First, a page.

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The UK’s cost of living crisis stepped up a level this week, with a series of data releases spotlighting how the economy is struggling on almost every front.

Bank of England Governor Andrew Bailey made headlines with his prediction that a surge in food costs could have “apocalyptic” consequences for the poorest people in society, while breakfast TV shows devoted huge sections to discussing the issue, with large banners branding it a crisis.

Meanwhile economic reports showed just how bad things are already. Inflation in April hit a 40-year high of 9%, driven by a surge in energy costs. Consumer reached its lowest in almost five decades, surpassing anything seen during the financial crisis, the pandemic or even the grim days of the 1970s.

The data hammered home the bleakness of the current situation and made it clear far worse is likely coming down the track. Prime Minister Boris Johnson’s government signaled there’s little prospect of imminent extra help for consumers. 

In his main intervention of the week, Chancellor of the Exchequer Rishi Sunak focused on the reasons not to act, saying he is worried that extra government spending to help people handle higher bills risks further stoking inflation. He warned of hard times to come for the UK and said his aim is cutting business taxes to clear up long-term structural problems in the economy. Talk of a windfall tax on oil companies was quickly scotched.

Meanwhile, the BOE fended off attacks from politicians saying Bailey should have moved quicker in fighting inflation. Chief Economist Huw Pill said Friday that only the Treasury has the tools to help.

Here are five charts that tell the story of a bleak week for the UK economy.

1. Soaring Inflation

Consumer prices surged 9% in the year through April, the fastest rate since March 1982,. The leap from 7% in March came from an increase in energy prices, reflecting a surge in wholesale markets that drove a 54% increase in consumer bills in April. 

Read More: UK Inflation Jumps to 9% as Prices Surge Most Since Thatcher Era

2.  Falling Real Wages

The surge in prices means that UK workers, who have waited a long time for significant pay gains, are now seeing their best increases in years entirely gobbled up by inflation.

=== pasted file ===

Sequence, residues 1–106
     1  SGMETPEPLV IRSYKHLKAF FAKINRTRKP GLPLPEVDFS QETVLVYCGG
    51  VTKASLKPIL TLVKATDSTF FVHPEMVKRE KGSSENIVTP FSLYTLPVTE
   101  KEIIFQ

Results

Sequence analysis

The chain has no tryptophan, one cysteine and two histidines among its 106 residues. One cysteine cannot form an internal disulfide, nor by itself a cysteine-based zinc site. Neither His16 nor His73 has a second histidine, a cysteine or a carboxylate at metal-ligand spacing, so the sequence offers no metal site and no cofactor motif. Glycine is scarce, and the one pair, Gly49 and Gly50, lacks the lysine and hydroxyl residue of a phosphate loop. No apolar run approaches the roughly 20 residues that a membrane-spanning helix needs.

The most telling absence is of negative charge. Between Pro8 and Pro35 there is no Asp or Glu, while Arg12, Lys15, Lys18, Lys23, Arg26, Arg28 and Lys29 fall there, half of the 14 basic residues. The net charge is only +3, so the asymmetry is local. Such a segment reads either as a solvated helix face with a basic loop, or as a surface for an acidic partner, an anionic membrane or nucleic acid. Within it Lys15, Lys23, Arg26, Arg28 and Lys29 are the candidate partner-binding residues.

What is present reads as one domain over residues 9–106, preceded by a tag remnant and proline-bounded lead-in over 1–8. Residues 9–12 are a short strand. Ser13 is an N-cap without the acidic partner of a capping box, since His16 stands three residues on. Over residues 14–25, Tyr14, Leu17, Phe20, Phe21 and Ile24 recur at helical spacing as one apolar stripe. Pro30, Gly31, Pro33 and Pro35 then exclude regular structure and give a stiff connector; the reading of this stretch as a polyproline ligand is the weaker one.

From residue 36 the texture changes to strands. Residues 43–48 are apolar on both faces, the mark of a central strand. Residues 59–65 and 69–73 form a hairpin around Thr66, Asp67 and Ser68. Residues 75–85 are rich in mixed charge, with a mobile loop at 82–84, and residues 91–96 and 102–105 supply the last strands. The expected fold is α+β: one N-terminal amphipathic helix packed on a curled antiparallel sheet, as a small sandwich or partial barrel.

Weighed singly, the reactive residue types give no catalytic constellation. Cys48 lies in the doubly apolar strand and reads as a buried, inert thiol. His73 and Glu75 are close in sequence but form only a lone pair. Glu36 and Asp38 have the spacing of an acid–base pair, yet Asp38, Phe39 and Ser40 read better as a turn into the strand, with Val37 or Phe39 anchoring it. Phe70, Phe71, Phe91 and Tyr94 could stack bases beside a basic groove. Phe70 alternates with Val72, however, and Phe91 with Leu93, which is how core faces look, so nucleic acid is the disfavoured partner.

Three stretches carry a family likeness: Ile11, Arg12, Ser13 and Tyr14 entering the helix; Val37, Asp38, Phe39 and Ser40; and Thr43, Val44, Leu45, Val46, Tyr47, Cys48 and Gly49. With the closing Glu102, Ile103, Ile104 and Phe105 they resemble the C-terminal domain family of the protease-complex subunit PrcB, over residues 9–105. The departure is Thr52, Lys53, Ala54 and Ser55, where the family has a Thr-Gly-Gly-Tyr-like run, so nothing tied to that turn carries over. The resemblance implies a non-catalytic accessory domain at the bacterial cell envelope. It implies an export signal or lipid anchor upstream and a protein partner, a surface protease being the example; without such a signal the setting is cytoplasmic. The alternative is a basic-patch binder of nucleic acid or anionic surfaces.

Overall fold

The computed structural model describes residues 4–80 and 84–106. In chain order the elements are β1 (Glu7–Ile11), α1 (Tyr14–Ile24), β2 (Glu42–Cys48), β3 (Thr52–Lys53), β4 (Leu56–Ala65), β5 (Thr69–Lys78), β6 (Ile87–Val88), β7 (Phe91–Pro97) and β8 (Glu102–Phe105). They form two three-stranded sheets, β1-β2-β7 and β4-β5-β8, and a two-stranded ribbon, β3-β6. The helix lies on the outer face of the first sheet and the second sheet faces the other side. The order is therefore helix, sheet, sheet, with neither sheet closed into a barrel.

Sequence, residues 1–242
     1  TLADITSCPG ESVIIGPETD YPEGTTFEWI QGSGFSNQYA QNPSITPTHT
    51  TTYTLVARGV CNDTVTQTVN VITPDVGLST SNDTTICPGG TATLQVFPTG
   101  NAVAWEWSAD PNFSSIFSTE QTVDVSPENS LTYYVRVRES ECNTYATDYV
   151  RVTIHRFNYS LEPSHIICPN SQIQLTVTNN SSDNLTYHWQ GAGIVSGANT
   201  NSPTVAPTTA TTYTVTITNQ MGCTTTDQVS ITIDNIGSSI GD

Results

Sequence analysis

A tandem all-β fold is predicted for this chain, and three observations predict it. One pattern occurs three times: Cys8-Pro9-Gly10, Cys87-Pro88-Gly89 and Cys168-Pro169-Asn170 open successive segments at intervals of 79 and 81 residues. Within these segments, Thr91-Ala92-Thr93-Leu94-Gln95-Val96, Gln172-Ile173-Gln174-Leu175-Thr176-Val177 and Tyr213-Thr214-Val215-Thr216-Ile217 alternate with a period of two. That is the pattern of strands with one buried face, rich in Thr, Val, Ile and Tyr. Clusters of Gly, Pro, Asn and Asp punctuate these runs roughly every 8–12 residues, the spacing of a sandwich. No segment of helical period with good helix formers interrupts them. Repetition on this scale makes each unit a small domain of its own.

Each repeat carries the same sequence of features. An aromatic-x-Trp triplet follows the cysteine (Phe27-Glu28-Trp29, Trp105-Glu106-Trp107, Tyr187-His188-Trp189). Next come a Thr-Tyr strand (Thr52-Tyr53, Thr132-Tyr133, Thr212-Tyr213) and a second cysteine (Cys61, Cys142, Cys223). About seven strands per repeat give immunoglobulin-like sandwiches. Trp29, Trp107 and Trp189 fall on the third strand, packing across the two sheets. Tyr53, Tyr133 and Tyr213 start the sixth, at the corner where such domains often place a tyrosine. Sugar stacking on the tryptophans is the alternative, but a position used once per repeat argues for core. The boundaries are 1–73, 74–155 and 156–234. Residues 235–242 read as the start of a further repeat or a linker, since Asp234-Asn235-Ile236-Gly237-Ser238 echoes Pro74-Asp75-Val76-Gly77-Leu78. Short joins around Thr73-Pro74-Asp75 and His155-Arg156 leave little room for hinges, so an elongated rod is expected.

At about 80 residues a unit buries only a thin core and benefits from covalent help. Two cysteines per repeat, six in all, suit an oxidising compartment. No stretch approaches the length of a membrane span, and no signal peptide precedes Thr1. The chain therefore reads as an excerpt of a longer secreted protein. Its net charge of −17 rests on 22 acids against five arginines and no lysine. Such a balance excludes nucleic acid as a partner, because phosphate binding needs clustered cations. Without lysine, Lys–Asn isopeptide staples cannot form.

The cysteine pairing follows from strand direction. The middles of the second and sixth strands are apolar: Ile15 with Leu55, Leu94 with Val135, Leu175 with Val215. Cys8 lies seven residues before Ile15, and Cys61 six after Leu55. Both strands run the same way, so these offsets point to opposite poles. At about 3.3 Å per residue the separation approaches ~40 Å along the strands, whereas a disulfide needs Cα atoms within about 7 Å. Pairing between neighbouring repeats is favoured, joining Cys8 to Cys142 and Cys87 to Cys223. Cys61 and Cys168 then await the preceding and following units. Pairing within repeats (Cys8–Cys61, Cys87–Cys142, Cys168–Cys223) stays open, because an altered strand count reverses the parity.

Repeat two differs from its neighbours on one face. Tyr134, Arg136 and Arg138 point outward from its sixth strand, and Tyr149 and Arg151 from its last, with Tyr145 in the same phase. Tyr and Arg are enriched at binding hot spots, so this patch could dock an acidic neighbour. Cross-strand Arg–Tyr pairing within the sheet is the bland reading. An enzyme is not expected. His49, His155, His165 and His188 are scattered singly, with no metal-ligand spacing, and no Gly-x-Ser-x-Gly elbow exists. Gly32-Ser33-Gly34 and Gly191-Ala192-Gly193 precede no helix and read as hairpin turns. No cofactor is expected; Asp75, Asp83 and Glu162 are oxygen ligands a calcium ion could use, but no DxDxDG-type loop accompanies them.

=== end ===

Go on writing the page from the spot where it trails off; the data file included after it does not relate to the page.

While data Tuesday showed wages rose 4.2% in the first quarter, double the 2.1% average in the decade before the pandemic, pay adjusted for price gains actually fell. A 1.9% decline in March from a year earlier was the biggest since 2013. 

Read More: UK Cost-of-Living Squeeze Intensifies With Drop in Real Wages

3. Plummeting Consumer Confidence

Against that backdrop, its no surprise that consumers are feeling the pain. The market researcher GfK said its closely watched measure of sentiment fell 2 points to minus 40 this month, the least since records began in 1974. 

Shoppers are responded by spending less on big ticket items, and also trying to save money by socializing at home -- leading to a surprise jump in April retail sales that perhaps overstated the strength of UK consumers.

Read More: UK Consumer Confidence Falls to Its Lowest Level Since 1970s

4. Shrinking Labor Force

Official figures on Tuesday show the UK workforce has shrunk. Since the pandemic, almost half a million more people are listed as inactive -- neither in work nor looking for a job. It means the workforce is almost 2% than before Covid hit, which will drag down output and tax payments to the Treasury. It’s already making it hard for employers to fill jobs.

Read More: Britain’s Workforce Shrinks Despite a Surge in Wages and Bonuses

5. Unemployment Relief

The major cause for economic optimism this week came from the UK’s stellar labor market, with unemployment declining to 3.7% -- the lowest rate since 1974. Job vacancies rose to a new record. 

Even those metrics may soon feel the heat from the crisis. The BOE expects the jobless count to start rising at the end of the year as employers respond to a sharp slowdown in demand. 

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